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Location: Kearney, Nebraska, United States

The following ISS sightings are possible from Friday Nov 16, 2018 through Saturday Dec 1, 2018

Date Visible Max Height Appears Disappears Share Event
Thu Nov 22, 7:23 PM 1 min 19° 10° above SW 19° above SSW  
Fri Nov 23, 6:31 PM 3 min 27° 11° above SSW 27° above SE  
Sat Nov 24, 5:40 PM 3 min 14° 10° above SSE 11° above E  
Sat Nov 24, 7:16 PM 1 min 41° 22° above WSW 41° above W  
Sun Nov 25, 6:24 PM 3 min 72° 23° above SW 35° above ENE  
Mon Nov 26, 5:34 PM 3 min 35° 35° above SE 11° above ENE  
Mon Nov 26, 7:09 PM 1 min 28° 18° above WNW 28° above NW  
Tue Nov 27, 6:17 PM 3 min 47° 31° above W 21° above NE  
Wed Nov 28, 7:00 PM 2 min 18° 10° above WNW 18° above NNW  
Thu Nov 29, 6:08 PM 4 min 25° 15° above WNW 14° above NNE  
Fri Nov 30, 6:54 PM 2 min 13° 10° above NW 13° above N  
2018-11-23 01:23:00.0,Thu Nov 22, 7:23 PM,1 min,19°,10° above SW,19° above SSW|2018-11-24 00:31:00.0,Fri Nov 23, 6:31 PM,3 min,27°,11° above SSW,27° above SE|2018-11-24 23:40:00.0,Sat Nov 24, 5:40 PM,3 min,14°,10° above SSE,11° above E|2018-11-25 01:16:00.0,Sat Nov 24, 7:16 PM,1 min,41°,22° above WSW,41° above W|2018-11-26 00:24:00.0,Sun Nov 25, 6:24 PM,3 min,72°,23° above SW,35° above ENE|2018-11-26 23:34:00.0,Mon Nov 26, 5:34 PM,3 min,35°,35° above SE,11° above ENE|2018-11-27 01:09:00.0,Mon Nov 26, 7:09 PM,1 min,28°,18° above WNW,28° above NW|2018-11-28 00:17:00.0,Tue Nov 27, 6:17 PM,3 min,47°,31° above W,21° above NE|2018-11-29 01:00:00.0,Wed Nov 28, 7:00 PM,2 min,18°,10° above WNW,18° above NNW|2018-11-30 00:08:00.0,Thu Nov 29, 6:08 PM,4 min,25°,15° above WNW,14° above NNE|2018-12-01 00:54:00.0,Fri Nov 30, 6:54 PM,2 min,13°,10° above NW,13° above N|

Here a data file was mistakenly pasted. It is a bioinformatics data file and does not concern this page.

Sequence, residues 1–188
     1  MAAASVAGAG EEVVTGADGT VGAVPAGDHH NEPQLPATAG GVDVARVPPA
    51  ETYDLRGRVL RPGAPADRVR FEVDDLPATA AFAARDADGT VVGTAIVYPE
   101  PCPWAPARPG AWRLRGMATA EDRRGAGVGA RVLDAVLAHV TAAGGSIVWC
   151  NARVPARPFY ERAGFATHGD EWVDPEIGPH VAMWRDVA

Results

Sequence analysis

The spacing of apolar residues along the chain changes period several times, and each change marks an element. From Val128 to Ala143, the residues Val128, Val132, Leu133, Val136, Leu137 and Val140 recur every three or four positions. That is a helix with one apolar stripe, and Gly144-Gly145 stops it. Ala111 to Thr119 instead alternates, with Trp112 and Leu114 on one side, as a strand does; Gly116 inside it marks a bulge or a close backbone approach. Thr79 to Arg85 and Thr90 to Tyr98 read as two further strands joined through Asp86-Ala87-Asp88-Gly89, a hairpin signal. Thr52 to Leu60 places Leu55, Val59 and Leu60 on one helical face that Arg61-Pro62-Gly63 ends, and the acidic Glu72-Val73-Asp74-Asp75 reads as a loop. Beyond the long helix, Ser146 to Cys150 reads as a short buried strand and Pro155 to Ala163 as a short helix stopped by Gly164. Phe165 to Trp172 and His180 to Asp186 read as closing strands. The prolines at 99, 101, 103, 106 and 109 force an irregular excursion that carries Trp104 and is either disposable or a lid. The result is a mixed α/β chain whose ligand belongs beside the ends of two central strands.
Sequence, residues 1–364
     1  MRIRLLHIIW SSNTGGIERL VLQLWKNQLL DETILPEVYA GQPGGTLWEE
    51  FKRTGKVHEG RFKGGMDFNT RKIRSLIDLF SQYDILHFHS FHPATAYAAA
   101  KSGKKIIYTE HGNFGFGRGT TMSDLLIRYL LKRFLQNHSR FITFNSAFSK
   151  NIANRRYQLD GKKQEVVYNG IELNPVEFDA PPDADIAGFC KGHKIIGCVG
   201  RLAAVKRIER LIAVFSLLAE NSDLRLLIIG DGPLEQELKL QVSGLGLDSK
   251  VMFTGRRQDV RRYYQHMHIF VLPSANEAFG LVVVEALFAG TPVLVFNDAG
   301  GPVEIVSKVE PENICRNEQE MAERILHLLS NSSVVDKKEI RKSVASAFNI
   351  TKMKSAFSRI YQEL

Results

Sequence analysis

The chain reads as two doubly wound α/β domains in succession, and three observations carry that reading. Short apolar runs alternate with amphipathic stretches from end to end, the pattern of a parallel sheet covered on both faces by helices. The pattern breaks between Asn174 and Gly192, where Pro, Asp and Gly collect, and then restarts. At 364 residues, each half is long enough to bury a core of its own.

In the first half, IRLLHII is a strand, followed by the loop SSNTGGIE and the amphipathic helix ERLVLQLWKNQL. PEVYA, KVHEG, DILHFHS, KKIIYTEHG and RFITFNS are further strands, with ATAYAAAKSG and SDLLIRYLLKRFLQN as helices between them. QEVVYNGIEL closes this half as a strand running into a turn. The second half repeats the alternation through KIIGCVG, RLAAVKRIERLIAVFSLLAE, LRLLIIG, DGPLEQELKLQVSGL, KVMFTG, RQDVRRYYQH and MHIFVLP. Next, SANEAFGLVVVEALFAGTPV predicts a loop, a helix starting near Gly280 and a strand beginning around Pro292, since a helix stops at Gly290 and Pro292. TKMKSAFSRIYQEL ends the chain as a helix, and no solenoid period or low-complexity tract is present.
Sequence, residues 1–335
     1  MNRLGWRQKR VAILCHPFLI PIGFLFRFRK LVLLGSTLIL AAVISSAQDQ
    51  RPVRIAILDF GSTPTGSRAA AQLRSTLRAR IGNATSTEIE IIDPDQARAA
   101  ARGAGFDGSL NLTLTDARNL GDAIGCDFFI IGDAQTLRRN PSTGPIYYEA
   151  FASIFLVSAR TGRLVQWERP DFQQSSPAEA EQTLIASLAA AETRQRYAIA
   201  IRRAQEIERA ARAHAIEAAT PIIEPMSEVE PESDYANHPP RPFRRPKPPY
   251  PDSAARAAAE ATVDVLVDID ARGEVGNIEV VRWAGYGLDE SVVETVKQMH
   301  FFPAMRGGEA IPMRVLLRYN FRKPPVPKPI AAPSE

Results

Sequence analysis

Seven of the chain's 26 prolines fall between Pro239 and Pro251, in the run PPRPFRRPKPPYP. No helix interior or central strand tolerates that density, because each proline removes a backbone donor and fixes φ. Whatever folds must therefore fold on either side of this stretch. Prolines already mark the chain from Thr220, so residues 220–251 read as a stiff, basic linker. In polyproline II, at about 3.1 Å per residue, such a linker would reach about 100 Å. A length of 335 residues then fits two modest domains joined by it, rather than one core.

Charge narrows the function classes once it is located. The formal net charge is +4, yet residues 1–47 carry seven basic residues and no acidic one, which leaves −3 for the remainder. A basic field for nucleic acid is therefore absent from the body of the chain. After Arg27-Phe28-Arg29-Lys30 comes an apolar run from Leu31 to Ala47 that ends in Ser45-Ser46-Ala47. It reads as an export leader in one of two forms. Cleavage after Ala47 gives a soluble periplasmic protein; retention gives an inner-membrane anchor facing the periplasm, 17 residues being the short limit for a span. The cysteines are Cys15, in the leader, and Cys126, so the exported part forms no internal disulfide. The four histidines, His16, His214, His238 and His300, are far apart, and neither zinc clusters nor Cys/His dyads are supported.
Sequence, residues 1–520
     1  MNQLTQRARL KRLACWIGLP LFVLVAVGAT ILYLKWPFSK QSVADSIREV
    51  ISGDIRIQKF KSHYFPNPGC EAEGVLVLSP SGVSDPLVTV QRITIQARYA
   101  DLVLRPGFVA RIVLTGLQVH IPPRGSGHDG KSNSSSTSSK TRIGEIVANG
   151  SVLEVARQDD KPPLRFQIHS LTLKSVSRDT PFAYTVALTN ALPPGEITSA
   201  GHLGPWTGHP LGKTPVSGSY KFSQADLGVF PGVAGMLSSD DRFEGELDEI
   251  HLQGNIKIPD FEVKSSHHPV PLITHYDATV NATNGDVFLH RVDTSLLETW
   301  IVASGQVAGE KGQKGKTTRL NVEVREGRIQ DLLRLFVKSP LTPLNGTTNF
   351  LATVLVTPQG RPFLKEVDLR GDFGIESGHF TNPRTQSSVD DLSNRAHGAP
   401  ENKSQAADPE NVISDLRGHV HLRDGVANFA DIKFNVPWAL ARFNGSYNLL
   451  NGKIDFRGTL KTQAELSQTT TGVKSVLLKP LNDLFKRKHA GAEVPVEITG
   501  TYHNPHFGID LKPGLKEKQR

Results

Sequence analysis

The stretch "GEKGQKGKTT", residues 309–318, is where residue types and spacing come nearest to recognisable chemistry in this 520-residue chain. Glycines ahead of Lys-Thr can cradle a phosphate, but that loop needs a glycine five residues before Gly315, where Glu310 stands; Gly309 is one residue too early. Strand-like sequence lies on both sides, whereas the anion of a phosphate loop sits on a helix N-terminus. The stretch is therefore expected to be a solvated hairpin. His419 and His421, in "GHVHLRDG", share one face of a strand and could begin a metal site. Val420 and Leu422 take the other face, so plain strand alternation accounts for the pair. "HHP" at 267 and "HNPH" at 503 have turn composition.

The space station looks like an airplane or a very bright star moving across the sky, except it doesn’t have flashing lights or change direction. It will also be moving considerably faster than a typical airplane (airplanes generally fly at about 600 miles per hour; the space station flies at 17,500 miles per hour).

Below is a time-lapse photo of the space station moving across the sky.

The International Space Station is seen in this 30 second exposure as it flies over Elkton, VA early in the morning, Saturday, August 1, 2015. Photo Credit: NASA/Bill Ingalls The International Space Station is seen in this 30 second exposure as it flies over Elkton, VA early in the morning, Saturday, August 1, 2015. Photo Credit: NASA/Bill Ingalls

Visit the NASA Johnson Flickr Photostream

How do I Spot The Station?

What does all this sighting information mean?

Time is when the sighting opportunity will begin in your local time zone. All sightings will occur within a few hours before or after sunrise or sunset. This is the optimum viewing period as the sun reflects off the space station and contrasts against the darker sky.

Visible is the maximum time period the space station is visible before crossing back below the horizon.

Max Height is measured in degrees (also known as elevation). It represents the height of the space station from the horizon in the night sky. The horizon is at zero degrees, and directly overhead is ninety degrees. If you hold your fist at arm’s length and place your fist resting on the horizon, the top will be about 10 degrees.

Appears is the location in the sky where the station will be visible first. This value, like maximum height, also is measured in degrees from the horizon. The letters represent compass directions -- N is north, WNW is west by northwest, and so on.

Disappears represents where in the night sky the International Space Station will leave your field of view.

Astronomical Horizon